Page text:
Grass is good in more ways than one
Production of biomass from grass performs well with regard to yield and protein levels, as well as environmental footprint.
Would it not be nice to have a crop that uses the sun’s energy efficiently to produce lots of biomass, contains substantial amounts of protein, and is beneficial to the soil’s nitrogen balance? Sound too good to be true? It is not! The answer lies in grass.
Researchers from the Department of Agroecology at Aarhus University have studied novel biomass production systems under the auspices of the research platform BioValue SPIR. One of the projects in the platform involved investigation of innovative biomass production systems, harvest and conservation technologies.
The results from the project indicate that perennial grasses have a number of advantages compared to traditional annual crops. Among other things, fertilised perennial grasses outperformed all the other systems in the study by doubling biomass nitrogen uptake and reducing nitrate leaching by 70-80 percent compared to the traditional systems.
Novel cropping systems tested
The researchers compared novel cropping systems optimised for high maximum biomass production with traditional systems. The trials were carried out at two sites in Denmark differing in soil type and climatic conditions and comprised three main cropping systems:
- Optimised rotation of annual crops (maize, beet, hemp/oat, triticale, with winter rye and winter rapeseed as second crops)
- Perennial grasses that were either intensively fertilised (festulolium, reed canary, cocksfoot and tall fescue), low-fertilised (miscanthus) or unfertilized (grass-legume mixtures)
- Traditional systems (continuous monocultures of maize and triticale, and a rotation of spring barley-winter barley-winter rapeseed)
Good biomass and protein yields
As described in an earlier article about the study, “Grasses are good at using the sun to be productive”, intensively fertilised perennial grasses produced high biomass yields. Although the grasses did not always outperform the other systems with regard to biomass yield, they had added benefits. One of these is that the grasses contained plenty of extractable protein.
The fertilised pure grasses thus produced the highest amount of crude protein annually, ranging from 2.6 to 3.7?ton per?ha irrespective of the year, of which 0.9–1.6?ton?per ha was neutral-, i.e., easily- extractable protein. The unfertilised grass-legume mixtures yielded crude protein amounts comparable to the annual crops in the optimised and traditional systems.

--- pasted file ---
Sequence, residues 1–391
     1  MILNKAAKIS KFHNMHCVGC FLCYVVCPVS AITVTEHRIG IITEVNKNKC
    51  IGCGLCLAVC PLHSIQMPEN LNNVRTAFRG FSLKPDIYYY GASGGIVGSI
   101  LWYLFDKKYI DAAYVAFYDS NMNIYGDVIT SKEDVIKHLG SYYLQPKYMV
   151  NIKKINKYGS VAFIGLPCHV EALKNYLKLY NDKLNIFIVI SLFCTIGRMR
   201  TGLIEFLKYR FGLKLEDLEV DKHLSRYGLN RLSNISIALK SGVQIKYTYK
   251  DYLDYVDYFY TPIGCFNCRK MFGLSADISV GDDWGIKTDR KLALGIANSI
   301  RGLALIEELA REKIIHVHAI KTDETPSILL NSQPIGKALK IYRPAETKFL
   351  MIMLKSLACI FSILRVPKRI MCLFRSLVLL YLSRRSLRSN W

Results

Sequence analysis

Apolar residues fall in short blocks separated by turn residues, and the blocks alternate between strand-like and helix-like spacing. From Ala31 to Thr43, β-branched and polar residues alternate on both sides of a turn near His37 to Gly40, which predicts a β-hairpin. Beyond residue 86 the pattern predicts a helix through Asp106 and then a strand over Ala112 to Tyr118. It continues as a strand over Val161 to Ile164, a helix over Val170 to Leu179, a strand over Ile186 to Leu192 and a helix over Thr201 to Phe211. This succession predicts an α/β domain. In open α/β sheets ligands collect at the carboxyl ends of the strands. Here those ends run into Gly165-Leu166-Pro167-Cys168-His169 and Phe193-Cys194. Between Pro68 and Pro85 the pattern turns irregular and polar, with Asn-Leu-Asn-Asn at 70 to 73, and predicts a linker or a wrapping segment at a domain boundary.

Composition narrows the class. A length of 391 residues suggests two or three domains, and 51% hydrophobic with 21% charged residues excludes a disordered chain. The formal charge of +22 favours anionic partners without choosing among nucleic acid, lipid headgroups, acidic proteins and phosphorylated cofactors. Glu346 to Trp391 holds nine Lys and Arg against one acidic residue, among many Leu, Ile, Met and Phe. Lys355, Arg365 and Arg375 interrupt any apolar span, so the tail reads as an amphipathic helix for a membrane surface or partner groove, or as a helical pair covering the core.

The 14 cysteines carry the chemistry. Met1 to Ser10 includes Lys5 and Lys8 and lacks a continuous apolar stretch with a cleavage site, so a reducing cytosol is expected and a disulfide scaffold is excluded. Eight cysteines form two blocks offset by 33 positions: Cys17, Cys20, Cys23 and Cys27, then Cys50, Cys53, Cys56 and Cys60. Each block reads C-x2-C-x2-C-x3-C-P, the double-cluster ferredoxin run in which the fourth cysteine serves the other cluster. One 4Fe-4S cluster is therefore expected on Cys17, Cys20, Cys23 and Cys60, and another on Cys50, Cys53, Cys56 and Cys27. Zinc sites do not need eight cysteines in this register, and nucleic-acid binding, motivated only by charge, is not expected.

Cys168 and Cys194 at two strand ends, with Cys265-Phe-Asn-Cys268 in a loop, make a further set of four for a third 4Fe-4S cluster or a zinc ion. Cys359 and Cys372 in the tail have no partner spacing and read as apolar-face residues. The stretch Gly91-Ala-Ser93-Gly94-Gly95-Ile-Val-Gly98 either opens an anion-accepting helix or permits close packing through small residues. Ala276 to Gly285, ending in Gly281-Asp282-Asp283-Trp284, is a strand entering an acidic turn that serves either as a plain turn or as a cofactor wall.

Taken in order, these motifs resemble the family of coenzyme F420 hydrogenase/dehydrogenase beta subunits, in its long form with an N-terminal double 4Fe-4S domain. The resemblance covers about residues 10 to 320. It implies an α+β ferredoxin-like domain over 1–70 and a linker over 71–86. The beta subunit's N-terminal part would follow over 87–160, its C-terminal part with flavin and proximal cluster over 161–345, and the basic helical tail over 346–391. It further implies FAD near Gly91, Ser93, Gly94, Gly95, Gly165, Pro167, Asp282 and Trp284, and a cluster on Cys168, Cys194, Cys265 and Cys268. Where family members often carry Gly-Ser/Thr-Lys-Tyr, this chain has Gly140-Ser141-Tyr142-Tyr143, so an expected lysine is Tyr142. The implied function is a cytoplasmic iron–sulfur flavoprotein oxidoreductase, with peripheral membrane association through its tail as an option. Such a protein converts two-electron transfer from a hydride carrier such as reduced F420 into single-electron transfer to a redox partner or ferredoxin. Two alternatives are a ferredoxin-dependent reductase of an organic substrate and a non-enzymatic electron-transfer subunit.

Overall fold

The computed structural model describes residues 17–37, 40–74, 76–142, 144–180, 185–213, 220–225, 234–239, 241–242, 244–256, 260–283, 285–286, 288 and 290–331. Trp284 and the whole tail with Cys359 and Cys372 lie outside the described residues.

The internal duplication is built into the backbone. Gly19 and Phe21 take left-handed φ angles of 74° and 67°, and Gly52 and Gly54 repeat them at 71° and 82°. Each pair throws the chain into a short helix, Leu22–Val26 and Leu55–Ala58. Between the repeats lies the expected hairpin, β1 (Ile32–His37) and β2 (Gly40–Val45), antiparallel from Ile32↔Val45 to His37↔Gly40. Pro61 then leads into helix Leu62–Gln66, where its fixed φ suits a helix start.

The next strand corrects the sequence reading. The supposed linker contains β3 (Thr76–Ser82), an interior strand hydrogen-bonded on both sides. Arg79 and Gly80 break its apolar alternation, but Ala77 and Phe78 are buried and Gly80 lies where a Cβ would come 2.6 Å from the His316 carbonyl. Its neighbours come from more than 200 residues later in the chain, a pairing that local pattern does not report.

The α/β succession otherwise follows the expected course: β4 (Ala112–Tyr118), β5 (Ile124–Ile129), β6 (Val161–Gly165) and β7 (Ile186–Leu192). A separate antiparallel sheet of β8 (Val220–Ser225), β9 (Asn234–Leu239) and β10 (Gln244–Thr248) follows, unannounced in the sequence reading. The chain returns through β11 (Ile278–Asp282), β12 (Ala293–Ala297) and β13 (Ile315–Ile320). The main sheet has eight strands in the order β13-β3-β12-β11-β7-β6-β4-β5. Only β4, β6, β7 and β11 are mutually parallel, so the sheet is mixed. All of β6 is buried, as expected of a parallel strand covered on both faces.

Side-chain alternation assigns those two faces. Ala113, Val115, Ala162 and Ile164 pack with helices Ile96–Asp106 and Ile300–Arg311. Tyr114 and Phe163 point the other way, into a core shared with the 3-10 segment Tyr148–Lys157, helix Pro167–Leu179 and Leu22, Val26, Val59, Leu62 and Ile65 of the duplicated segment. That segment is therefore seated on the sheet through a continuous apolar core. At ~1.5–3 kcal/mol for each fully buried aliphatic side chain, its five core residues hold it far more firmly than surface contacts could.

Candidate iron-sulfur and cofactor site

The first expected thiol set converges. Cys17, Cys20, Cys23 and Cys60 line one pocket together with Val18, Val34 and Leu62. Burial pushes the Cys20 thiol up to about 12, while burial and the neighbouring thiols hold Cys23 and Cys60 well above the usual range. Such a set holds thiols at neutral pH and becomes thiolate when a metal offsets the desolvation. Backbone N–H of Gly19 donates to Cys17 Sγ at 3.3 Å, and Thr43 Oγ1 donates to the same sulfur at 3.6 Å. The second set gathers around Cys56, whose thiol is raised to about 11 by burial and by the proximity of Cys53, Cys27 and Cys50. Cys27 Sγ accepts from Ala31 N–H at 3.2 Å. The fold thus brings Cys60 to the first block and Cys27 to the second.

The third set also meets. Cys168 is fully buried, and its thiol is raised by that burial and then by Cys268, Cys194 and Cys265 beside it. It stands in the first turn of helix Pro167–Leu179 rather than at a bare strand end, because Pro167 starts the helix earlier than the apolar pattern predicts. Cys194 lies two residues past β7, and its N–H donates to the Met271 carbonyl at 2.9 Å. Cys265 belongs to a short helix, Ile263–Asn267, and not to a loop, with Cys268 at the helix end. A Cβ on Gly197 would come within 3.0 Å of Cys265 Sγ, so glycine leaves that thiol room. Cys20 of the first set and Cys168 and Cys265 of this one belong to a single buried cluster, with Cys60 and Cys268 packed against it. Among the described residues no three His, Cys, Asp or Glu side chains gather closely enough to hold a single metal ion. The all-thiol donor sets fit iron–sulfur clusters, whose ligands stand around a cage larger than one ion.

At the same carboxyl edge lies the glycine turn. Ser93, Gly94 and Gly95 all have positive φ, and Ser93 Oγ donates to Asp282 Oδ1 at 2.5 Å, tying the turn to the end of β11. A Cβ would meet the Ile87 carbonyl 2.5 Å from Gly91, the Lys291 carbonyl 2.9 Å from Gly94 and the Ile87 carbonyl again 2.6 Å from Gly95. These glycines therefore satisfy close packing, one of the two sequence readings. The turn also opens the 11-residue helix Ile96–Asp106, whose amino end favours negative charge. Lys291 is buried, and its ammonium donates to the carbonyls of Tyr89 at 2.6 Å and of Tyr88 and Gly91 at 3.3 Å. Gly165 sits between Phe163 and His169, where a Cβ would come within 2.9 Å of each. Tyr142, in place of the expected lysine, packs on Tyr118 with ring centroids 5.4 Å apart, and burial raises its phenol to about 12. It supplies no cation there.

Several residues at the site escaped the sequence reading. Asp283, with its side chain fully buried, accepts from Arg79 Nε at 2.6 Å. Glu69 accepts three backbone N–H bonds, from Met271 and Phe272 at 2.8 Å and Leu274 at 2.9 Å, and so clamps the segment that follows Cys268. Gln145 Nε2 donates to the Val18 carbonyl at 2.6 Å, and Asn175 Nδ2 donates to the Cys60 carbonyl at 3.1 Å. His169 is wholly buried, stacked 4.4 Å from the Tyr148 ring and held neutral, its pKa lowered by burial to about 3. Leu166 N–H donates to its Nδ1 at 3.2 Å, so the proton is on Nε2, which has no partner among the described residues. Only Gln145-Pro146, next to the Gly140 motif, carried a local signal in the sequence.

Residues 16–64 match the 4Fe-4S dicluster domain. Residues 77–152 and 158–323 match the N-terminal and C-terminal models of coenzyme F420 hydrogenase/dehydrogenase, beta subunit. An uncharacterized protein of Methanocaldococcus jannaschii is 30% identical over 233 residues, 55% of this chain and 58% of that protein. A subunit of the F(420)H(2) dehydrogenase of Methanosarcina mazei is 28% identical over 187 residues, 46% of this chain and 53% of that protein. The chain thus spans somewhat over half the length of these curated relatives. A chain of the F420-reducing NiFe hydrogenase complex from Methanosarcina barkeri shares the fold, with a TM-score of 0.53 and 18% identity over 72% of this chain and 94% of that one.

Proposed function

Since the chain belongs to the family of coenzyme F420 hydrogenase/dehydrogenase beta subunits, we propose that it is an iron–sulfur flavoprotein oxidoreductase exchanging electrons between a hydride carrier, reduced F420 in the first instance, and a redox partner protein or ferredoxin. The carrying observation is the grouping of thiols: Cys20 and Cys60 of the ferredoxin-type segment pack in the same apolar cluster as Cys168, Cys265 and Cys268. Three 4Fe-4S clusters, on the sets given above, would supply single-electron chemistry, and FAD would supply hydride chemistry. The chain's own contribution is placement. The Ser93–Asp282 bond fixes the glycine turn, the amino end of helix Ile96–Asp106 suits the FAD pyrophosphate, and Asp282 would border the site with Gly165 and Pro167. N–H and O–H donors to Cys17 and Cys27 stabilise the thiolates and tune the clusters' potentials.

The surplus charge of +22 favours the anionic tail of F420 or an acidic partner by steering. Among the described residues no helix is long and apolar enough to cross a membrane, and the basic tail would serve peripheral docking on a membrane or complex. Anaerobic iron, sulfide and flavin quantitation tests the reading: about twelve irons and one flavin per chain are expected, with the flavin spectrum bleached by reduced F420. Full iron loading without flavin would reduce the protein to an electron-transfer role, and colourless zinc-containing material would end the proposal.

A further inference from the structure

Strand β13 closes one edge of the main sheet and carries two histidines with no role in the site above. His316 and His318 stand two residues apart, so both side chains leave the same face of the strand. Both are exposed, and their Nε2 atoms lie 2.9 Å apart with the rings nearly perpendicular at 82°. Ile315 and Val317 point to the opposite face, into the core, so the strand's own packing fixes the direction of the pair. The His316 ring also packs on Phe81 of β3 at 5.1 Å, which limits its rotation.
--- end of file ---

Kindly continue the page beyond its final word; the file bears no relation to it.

Easily extractable true protein ranged from 34 to 46 per cent of the crude protein in pure grasses and comprised 48 per cent of the crude protein in the grass-legume mixtures. The researchers predict that the potential extractability of crude protein can be further increased by 14-35 per cent if the cell wall-bound protein can also be extracted.
Satisfactory environmental footprint
One might perhaps think that intensively fertilised crops have a greater environmental impact, notably with regard to nitrate leaching. This was not the case with the intensively fertilised grasses.
At each of the study sites, the fertilized perennial grasses outperformed all the other systems with regard to nitrate leaching. Compared to the traditional systems at the two sites, nitrate leaching in the fertilised grassed was 70-80 per cent less, in addition to producing more biomass with a high protein content.
- Production of a broad spectrum of products from biomass is of key importance for an economically viable and sustainable biorefinery sector. For example, the quality of the protein from grasses is often high in lysine and methionine contents, making the grasses particularly interesting source to substitute the environmentally costly imports of soya bean protein. However, growing crops with high biomass yields and high nitrogen levels can significantly alter the agricultural landscape. Understanding the fate of nitrogen in these novel land uses is vital for product optimisation and environmental protection, say Senior Scientist Uffe Jørgensen and postdoc Kiril Manevski from the Department of Agroecology at Aarhus University.
- And we are currently following up on studying the development in soil nitrogen contents, as well as gaseous losses of nitrogen, they add.
Read the article “Grasses are good at using the sun to be productive”.
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For further information please contact:
Head of Aarhus University Centre for Circular Bioeconomy (CBIO), Senior researcher Uffe Jørgensen, Department of Agroecology, email: email@example.com, telephone: +45 8715 7729, mobile: mobile: +45 2133 7831
Postdoc Kiril Manevski, Department of Agroecology, email: firstname.lastname@example.org, telephone: +45 8715 7795